Guyana (254735)
Credit: Image by Ronny K from Pixabay

Not for the first time in recent years, a major fire has consumed a public building in the Caribbean Community headquarters nation of Guyana, killing more than a dozen people. This time, however, the victims are all schoolchildren between the ages of 12–18 years old.

Most were asleep late Sunday in dormitories at the Mahdia secondary school in the southwestern jungle and mountain community near the Brazilian border when the fire broke out, trapping dozens of students in concrete buildings secured by iron grills that limited them from escaping.

According to authorities, the fire at the school—which had been designed and built mostly for indigenous students living in villages far away from Mahdia—began just before midnight and burned for several hours. By the time it died down and the smoke cleared, with the help of the area fire service, at least 19 high school students were killed and at least seven were badly burned and rushed by air to the city, about 200 miles away—14 died at the scene, while five others succumbed at the nearby district hospital.

Fire service headquarters in the city said officers and residents rescued at least 20 other students by punching holes into the building, saving them from certain death. 

Students who live in villages beyond the mountains often return home only at the end of the academic term, while those from places closer to the gold and diamond mining town would visit parents and relatives at weekends. Police said keys to locked doors could not have been found in time to rescue those who perished.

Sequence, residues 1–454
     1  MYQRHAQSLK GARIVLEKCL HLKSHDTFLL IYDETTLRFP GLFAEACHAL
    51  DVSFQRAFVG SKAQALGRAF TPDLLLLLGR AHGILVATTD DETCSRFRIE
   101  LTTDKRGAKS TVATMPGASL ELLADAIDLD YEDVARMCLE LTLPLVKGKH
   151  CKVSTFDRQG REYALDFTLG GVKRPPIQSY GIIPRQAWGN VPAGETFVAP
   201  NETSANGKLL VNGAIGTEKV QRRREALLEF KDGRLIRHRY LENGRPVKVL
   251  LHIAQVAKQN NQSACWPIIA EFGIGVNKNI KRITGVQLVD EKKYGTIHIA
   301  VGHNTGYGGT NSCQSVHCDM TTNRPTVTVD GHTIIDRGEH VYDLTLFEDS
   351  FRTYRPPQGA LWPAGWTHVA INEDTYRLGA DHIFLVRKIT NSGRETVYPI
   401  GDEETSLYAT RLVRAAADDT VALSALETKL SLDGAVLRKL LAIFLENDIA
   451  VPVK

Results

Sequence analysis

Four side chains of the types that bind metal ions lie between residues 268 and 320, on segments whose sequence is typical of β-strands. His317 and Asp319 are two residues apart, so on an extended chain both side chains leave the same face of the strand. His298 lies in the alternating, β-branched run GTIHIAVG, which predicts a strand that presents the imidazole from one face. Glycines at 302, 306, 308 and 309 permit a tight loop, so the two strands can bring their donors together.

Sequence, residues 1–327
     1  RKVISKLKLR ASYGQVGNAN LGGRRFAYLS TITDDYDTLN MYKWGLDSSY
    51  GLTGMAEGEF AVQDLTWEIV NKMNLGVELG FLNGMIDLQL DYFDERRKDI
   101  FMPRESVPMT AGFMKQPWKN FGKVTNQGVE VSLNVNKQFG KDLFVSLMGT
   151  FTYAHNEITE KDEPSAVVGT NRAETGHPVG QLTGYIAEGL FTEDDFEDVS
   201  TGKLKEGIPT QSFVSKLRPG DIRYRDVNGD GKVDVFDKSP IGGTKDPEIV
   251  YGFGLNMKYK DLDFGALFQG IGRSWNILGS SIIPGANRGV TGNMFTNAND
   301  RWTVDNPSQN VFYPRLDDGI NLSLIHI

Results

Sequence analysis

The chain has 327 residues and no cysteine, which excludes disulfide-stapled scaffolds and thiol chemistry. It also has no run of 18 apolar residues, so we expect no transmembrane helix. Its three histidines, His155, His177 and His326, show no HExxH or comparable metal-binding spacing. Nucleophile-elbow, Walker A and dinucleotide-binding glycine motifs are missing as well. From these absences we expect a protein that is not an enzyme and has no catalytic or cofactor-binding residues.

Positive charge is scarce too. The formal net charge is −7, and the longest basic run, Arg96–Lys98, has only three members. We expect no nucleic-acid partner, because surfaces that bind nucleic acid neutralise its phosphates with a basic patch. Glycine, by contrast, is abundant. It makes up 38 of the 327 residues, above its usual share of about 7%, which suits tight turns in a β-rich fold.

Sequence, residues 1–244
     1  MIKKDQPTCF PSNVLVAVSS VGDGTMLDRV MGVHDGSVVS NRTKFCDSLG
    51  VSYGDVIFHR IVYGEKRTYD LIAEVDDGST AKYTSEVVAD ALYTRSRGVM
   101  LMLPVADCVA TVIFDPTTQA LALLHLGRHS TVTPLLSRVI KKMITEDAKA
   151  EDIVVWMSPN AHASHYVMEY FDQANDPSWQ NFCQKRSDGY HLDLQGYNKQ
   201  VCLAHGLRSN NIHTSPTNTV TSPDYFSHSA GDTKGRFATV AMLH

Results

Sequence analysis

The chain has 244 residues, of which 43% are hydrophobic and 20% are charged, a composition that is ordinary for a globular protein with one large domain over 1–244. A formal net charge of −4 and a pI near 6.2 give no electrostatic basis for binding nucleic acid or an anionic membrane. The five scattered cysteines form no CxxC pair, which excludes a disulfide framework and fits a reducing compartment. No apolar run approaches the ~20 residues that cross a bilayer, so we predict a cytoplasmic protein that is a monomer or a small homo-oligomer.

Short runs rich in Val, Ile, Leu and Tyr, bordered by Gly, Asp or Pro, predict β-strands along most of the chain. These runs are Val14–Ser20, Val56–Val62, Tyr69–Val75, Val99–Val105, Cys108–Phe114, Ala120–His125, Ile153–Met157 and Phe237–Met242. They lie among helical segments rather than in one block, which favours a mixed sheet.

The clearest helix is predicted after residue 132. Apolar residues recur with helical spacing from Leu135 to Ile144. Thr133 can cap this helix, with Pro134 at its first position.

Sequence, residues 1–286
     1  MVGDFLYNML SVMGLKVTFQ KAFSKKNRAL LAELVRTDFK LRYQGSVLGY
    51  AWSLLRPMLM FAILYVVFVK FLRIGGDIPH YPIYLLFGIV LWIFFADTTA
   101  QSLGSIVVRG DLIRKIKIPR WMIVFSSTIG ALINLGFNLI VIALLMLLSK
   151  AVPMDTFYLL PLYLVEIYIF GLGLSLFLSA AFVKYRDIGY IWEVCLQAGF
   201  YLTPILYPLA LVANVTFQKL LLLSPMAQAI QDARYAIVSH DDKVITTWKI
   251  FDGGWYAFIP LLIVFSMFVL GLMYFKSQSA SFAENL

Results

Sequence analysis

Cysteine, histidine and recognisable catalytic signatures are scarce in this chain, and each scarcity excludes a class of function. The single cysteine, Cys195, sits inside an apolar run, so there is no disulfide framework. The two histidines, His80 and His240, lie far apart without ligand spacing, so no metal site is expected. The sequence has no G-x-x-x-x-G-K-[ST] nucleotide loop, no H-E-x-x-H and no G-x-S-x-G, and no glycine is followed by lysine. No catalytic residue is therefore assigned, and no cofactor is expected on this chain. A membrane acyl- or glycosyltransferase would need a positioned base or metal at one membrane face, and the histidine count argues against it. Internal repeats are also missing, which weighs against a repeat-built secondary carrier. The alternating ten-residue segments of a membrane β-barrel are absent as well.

No one has so far been arrested or held responsible for this tragedy.

The deaths of the children have plunged this oil- and gas-rich republic of nearly a million people into deep mourning, reigniting a debate about whether iron grills should be used to secure buildings of this nature, especially those used to house restless youths with minimum adult supervision.

The latest disaster also brings back memories of a May 2016 fire at the maximum security Georgetown Prisons in the capital that killed 17 inmates and injured eight others. Back then, prisoners, protesting a slew of complaints from poor food to overcrowding to long delays in court trials, had set fire to mattresses in cells. Officers say the fire raged so badly out of control that there was little they could have done to rescue prisoners and that they were badly outnumbered at the facility that had housed 1,100 prisoners guarded by less than 70 officers. That was the worst prison inferno in living memory.

Government officials, including President Irfaan Ali and Prime Minister Mark Phillips, journeyed to Mahdia on Monday, hoping to get explanations about what exactly happened and to comfort grieving relatives and friends. Officials said they are extremely worried about parents who live outside mobile phone signal areas and might not hear of the news for a few days yet. 

The main opposition coalition said in a statement that is demanding “a thorough investigation into this horrific incident that has resulted in the loss of innocent young lives. In light of this tragedy, we wish to call on all to make this independence day (May 26) a day of mourning in solidarity and support with the families, friends, relatives, and the citizens of Mahdia.”

President Ali said in a statement that “we have lost beautiful souls in that fire. It was a big battle for us.”

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